Arts

Ishmael and female

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Portraitist Carolyn Campbell puts modern women’s faces on Renaissance bodies

Right in the heart of the University of Alberta, the large windows of the
FAB Gallery look out onto busy bus terminals. Usually, students pay little
attention to the paintings displayed within them as they dash by on their way
to class, but this week the work in the windows is hard to ignore. The giant
portraits of women dressed in Renaissance clothing by Carolyn Campbell (part
of a show entitled To Call Me Ishmael) look down at the bustling crowd with
such quiet intensity, such everlasting feminine strength, that they stop many
students dead in their tracks. They made me pause too—“Who are
these timeless women?” I wondered, and decided to meet the artist and
get to the bottom of the matter.

Vue Weekly: I am so intrigued by the way your portraits seem to take
contemporary women and place them in some other time, some other culture,
some other place. Am I wrong?

Carolyn Campbell: You are absolutely right. The women who are modeling in
these paintings are artists. They are artists that I know and respect. I
admire their work. I also thought that they had faces that would really fit
with the Renaissance bodies that I was putting on them. I wanted to make
pictures that show a contemporary person shouldering the past. They are
wearing on their shoulders this weight of history.

VW: Could you tell me more about the people that you drew? What was it
about them that was so special, that inspired you?

CC: Partly it came down to the artwork that they were doing. I felt that
as women and artists they have a legacy. It’s a part of the
responsibility of women. In a lot of these pieces, [the faces] are very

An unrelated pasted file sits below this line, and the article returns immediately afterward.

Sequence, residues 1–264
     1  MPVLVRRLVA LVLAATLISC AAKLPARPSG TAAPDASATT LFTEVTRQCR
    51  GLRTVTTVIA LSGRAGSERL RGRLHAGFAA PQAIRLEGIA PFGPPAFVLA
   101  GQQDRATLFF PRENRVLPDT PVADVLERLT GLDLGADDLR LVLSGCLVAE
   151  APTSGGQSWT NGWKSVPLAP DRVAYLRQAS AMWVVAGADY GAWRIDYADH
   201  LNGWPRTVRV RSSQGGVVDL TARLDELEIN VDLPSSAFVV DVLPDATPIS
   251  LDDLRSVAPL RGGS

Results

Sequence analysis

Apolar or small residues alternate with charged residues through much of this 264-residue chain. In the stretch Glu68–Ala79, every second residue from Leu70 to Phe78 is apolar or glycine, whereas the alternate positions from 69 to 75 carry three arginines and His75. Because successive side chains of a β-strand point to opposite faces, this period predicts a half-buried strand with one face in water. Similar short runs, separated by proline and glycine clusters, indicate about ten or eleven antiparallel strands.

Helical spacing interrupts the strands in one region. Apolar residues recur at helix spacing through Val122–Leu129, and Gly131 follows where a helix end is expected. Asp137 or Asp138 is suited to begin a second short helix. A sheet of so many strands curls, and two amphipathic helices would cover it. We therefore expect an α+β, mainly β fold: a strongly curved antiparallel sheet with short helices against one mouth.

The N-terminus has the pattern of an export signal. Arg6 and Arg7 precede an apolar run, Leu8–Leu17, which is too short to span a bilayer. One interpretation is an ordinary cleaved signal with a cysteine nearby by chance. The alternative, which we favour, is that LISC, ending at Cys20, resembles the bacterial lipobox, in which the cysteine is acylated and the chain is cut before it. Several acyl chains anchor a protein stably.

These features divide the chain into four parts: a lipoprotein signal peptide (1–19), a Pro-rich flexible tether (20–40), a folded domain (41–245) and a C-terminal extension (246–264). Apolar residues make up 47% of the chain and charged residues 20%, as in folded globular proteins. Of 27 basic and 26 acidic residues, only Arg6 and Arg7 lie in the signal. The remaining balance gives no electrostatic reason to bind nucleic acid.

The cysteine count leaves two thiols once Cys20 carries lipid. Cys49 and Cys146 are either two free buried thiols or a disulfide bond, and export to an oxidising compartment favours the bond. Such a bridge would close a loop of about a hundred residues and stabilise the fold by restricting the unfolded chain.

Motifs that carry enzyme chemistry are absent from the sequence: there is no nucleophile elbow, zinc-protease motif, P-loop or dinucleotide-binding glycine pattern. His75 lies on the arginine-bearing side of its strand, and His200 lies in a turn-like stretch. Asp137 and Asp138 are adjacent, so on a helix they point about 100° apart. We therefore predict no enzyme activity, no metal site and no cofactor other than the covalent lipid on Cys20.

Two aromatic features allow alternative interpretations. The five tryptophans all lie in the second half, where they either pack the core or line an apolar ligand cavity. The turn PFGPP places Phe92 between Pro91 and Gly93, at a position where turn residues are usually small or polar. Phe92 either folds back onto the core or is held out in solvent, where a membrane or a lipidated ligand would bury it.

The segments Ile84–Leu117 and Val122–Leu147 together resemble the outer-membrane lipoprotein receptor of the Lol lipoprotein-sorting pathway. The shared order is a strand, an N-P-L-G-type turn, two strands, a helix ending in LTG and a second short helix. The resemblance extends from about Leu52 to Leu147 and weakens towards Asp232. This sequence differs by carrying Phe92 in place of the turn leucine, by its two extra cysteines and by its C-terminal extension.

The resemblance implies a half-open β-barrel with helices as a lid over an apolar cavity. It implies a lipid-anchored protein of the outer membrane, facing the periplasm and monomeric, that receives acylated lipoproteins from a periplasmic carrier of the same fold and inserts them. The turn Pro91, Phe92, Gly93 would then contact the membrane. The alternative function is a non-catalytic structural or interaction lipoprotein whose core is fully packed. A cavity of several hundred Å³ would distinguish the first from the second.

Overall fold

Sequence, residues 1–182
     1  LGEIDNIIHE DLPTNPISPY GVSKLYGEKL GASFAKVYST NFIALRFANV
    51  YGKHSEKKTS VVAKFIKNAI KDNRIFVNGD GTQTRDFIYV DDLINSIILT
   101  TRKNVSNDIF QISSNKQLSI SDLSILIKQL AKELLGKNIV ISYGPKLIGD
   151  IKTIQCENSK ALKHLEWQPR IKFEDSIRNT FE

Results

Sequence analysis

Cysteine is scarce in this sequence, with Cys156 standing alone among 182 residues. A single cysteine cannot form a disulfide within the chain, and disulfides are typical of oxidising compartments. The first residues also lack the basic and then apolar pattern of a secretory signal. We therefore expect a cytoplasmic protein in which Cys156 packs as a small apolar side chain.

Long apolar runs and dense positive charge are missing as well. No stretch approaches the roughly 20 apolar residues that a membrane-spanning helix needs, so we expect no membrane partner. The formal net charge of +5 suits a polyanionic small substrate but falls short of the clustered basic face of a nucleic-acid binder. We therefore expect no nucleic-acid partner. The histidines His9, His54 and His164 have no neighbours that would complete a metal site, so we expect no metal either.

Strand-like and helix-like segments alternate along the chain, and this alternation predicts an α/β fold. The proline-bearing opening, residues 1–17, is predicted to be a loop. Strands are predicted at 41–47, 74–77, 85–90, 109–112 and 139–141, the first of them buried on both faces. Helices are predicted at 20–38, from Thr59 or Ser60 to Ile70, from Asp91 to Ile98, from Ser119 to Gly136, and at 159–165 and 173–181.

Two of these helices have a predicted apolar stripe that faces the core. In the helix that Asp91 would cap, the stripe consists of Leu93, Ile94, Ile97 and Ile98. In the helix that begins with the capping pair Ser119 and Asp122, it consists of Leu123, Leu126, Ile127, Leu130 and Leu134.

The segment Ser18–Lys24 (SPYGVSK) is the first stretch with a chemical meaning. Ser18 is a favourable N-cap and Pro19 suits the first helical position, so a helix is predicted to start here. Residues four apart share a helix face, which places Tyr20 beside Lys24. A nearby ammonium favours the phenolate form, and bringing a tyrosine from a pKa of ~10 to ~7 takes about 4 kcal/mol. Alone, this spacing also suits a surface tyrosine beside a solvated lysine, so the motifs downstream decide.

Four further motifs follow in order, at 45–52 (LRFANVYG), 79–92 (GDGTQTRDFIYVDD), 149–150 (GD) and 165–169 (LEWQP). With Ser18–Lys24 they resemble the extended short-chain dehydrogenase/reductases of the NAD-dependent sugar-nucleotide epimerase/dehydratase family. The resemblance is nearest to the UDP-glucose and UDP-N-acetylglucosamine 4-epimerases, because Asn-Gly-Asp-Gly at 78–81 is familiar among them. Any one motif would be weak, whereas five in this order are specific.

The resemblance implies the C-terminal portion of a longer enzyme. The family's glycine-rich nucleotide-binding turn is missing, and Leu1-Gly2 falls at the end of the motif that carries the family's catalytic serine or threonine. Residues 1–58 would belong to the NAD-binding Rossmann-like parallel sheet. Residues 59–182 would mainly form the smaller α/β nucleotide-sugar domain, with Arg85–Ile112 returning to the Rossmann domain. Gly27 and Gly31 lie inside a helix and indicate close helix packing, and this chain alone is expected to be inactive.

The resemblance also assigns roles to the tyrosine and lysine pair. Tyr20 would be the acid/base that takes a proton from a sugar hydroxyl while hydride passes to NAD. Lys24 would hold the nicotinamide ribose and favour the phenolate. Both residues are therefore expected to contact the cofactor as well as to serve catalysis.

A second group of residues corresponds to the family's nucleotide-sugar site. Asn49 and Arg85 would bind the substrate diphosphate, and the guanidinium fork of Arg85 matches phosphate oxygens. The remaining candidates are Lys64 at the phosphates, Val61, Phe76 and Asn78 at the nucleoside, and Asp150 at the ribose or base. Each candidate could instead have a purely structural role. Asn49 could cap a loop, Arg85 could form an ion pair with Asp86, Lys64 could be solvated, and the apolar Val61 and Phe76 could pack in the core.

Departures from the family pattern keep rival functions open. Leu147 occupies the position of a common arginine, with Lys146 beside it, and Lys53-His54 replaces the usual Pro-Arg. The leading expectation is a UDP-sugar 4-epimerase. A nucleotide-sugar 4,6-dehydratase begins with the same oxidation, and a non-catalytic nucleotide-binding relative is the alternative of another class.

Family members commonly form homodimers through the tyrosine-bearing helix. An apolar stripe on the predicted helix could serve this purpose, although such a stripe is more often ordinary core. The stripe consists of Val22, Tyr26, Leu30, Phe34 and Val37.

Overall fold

responsible. It’s who I am too. It comes back to your whole life. These
women have a solid sense of responsibility to their art.

VW: Do you think that women have a greater sense of responsibility?

CC: Oh, no—I don’t mean that at all. Not at all. I am just
saying that these women have a real solid sense of responsibility to their
art and working through their art.

VW: And yet as a mom, I do find that my life is one of constant balancing
of equal responsibilities. It’s not that my husband doesn’t
work—he certainly does. But he is mainly responsible for his job,
whereas I am equally responsible for my job and for my children, and if
somebody comes over to our house, they’re not going to say that he is a
messy housekeeper.

CC: [Laughs.] I know, It’s so true. And who is picking up the kids?
Who’s leaving at three o’clock today to pick them up? It’s
those kinds of things. So in my life, ever since I was about three years old,
I was troubled by an overwrought sense of responsibility. It’s been a
part of who I am…. But there was something about the work that [the women
artists in the portraits] were doing. I love all three of them. I love their
work. I find it quiet and peaceful, quite sophisticated…. At the same time
they have very beautiful, very particular faces.

VW: They are very serious faces.

CC: They are intelligent faces. There is so much going on in their eyes.
That’s what I love. These faces reflect a complexity and substantiality
to their lives. I thought that they could hold up a Holbein or Manet
body.

VW: That’s what struck me when I first saw them: contemporary life
is filled with images with stuff, with visual and auditory noise. And when I
look at your work, there is this incredible Renaissance sense of quietude.
The fact that you have made the figures stand against such a blank background
makes the faces very real. It’s a different way of relating to people.
It’s not like passing somebody by on the street. You force us to
confront the person. And the people you help us to see fully are women who
seemed so antithetical to the way we are seen in mass media. I couldn’t
figure out what was so different about these women, and I think that
you’ve finally put a word on it for me. It’s that overwhelming
sense of responsibility; there is almost a religious quality to it.

CC: I see timelessness in people… and all of these people, if one were
to know the women who modeled, they hold back a little bit when they are in a
public situation. They have a very quiet power about them. But they all have
it. They all have it. And it shows in their faces. V

To Call Me Ishmael
By Carolyn Campbell • FAB Gallery •
To May 29

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